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Old 10-10-2012
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Question Halothane vs Methoxyflurane

Halothane has blood:gas coefficient and oil:gass partition coefficient of 2.4 and 220, respectively.
Methoxyflurane has b:g and o:g coefficient of 13 and 950.
Which is true?

1) both result in faster induction than does NO (b:g of .47)
2) MAC of halothane is less than that of methoxyflurane
3) Both useful b/c no cardiodepressant
4) Recovery from methoxyflurane is faster than that from halothane
5) An increase in ventilation rate makes the onset of anesthesia more rapid for either agent.
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Old 10-10-2012
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My ans is MAC of halothane is lesser than methoxyflurane
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Old 10-10-2012
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Quote:
Originally Posted by SOBE223 View Post
Halothane has blood:gas coefficient and oil:gass partition coefficient of 2.4 and 220, respectively.
Methoxyflurane has b:g and o:g coefficient of 13 and 950.
Which is true?

1) both result in faster induction than does NO (b:g of .47)
2) MAC of halothane is less than that of methoxyflurane
3) Both useful b/c no cardiodepressant
4) Recovery from methoxyflurane is faster than that from halothane
5) An increase in ventilation rate makes the onset of anesthesia more rapid for either agent.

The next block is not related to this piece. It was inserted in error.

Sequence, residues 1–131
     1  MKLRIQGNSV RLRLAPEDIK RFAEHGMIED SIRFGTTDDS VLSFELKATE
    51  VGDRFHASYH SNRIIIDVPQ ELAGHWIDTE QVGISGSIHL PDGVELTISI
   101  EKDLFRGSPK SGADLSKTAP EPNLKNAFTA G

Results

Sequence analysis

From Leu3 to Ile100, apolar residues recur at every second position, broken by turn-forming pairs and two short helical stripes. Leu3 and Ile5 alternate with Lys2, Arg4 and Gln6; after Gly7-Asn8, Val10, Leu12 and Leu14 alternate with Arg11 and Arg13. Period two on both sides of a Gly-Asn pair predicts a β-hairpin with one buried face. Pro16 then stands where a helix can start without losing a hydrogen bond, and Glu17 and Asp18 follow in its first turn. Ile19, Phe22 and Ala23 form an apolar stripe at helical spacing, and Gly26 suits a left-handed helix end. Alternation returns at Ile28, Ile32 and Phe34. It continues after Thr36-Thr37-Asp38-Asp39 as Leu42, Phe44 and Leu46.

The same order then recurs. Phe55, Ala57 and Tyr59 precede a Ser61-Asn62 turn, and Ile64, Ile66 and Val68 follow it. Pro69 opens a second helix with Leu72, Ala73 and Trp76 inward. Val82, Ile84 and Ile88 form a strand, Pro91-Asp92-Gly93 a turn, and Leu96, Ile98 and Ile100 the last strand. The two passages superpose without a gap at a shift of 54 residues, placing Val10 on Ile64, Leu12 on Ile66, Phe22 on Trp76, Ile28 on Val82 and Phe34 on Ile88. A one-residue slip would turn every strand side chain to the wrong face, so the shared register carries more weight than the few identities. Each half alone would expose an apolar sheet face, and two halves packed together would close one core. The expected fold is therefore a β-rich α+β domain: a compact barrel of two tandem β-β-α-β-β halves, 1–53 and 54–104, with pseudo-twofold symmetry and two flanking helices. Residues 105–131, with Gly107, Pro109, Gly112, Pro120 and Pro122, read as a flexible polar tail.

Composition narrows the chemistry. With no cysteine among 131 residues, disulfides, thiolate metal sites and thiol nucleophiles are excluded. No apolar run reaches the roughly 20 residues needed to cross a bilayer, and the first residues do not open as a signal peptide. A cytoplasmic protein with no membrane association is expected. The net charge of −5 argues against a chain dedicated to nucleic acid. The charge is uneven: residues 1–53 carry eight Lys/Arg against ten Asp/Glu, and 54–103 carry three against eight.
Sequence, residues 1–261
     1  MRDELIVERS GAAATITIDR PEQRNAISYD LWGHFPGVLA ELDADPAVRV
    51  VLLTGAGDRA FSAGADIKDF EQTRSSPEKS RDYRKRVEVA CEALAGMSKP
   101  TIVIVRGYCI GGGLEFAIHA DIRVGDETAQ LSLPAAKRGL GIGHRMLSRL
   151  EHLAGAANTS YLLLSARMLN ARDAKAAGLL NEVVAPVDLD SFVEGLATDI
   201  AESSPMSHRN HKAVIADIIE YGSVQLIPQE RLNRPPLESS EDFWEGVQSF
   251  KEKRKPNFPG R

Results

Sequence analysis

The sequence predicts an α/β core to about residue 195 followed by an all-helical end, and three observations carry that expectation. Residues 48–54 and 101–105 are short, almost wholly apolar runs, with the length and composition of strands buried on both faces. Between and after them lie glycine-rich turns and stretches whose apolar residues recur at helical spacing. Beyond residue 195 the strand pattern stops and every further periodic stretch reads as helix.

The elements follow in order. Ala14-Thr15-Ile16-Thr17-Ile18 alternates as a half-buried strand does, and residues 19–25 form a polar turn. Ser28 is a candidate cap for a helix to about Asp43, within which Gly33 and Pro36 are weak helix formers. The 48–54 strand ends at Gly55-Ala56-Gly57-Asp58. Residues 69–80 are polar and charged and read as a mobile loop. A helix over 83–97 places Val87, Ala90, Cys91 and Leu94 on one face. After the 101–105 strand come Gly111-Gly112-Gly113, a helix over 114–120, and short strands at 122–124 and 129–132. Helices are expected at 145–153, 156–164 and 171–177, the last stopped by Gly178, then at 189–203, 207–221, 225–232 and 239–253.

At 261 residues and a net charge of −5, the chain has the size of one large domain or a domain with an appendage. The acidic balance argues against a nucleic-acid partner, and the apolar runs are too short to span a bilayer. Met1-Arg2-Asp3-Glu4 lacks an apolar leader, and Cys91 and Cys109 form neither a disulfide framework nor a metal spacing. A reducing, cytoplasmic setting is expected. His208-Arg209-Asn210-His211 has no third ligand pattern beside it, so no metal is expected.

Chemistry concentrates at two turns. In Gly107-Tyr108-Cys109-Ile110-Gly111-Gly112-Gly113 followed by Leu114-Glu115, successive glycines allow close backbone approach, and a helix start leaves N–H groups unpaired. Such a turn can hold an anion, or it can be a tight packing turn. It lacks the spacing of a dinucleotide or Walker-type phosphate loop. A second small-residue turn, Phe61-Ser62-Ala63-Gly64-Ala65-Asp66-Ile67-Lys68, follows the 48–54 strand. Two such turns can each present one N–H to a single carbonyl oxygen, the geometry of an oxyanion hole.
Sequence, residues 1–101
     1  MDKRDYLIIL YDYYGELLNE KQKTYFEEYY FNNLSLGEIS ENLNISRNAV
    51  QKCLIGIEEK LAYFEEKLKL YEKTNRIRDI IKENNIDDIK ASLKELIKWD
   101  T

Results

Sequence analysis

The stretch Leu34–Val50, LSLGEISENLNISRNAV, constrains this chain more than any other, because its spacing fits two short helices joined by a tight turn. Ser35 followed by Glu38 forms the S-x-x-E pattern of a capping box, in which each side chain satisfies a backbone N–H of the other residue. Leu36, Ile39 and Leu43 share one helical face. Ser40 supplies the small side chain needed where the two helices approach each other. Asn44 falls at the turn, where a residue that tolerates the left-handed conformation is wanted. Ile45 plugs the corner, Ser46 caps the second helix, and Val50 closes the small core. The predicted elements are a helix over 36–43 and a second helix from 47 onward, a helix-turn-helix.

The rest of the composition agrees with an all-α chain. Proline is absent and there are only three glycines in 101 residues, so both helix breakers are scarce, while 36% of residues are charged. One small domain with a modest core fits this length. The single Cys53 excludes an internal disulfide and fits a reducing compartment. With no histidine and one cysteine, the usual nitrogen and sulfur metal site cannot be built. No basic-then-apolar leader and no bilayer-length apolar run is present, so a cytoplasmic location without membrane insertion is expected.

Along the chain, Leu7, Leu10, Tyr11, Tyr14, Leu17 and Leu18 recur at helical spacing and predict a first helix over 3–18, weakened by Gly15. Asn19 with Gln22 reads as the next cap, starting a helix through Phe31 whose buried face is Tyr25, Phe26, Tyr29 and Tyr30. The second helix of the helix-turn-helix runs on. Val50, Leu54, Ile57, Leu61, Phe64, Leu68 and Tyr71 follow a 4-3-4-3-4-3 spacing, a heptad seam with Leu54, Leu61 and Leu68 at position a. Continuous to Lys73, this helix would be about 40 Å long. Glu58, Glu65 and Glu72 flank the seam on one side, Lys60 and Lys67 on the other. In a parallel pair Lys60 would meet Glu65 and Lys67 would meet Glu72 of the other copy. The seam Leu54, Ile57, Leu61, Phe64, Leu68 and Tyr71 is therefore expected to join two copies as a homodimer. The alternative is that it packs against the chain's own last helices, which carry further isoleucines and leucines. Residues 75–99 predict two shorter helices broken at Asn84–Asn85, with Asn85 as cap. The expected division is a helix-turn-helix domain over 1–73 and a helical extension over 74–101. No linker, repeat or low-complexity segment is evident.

After ruling out other options I left with
5) An increase in ventilation rate makes the onset of anesthesia more rapid for either agent.

As, solubility = potency= 1/MAC
Less soluble= rapid induction and recovery time
All thanes are cardiodepressent.


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Old 10-10-2012
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Will go with no. 2.
Oil:gas coefficient reverses to give lipid solubility?
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Old 10-10-2012
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Here is my silly little way;
Gas anathetic with high B:G ratio are more soluble in the blood/lipids, so the they are not readily available as "free" in the CNS to induce the anesthesia. As they are soluble, tissues would provide a prolonged supply for these gas to get into CNS, prolonging the anesthesia, i.e. the higher the B:G ratio, the slower the gas both in iduction and recovery. But for the gas to get into the CNS, it must first be "solublized" in the blood, and this is done by increasing its conc. in the alveoli ( MAC ). So, an agents with low B:G ratio would have higher MAC and so less potent ( because we have needed more dose to reach the same ED 50). Putting all these thought together:
B:G:
NO = 0.5
Halothane = 2.4
methoxyflurane = 13, then
Blood solubility ( and so rapidity ) : NO < halo. < methoxy., then
MAC ( and so potency ) : NO > halo. > Methoxy.
***
Halo and methoxy do not act faster than NO so A is incorrect.
MAC of halo. is not less than that of methoxy. so B is obviously incorrect.
The only inhaled anathetic that does not produce cardiodepression is NO so C is wrong.
Recovery from methoxy. is by far slower than that of halo. D is incorrect.
And we left with E, which I have strong feeling that its the right answer but I dont know exactly why!

Last edited by Awwad; 10-10-2012 at 12:49 PM.
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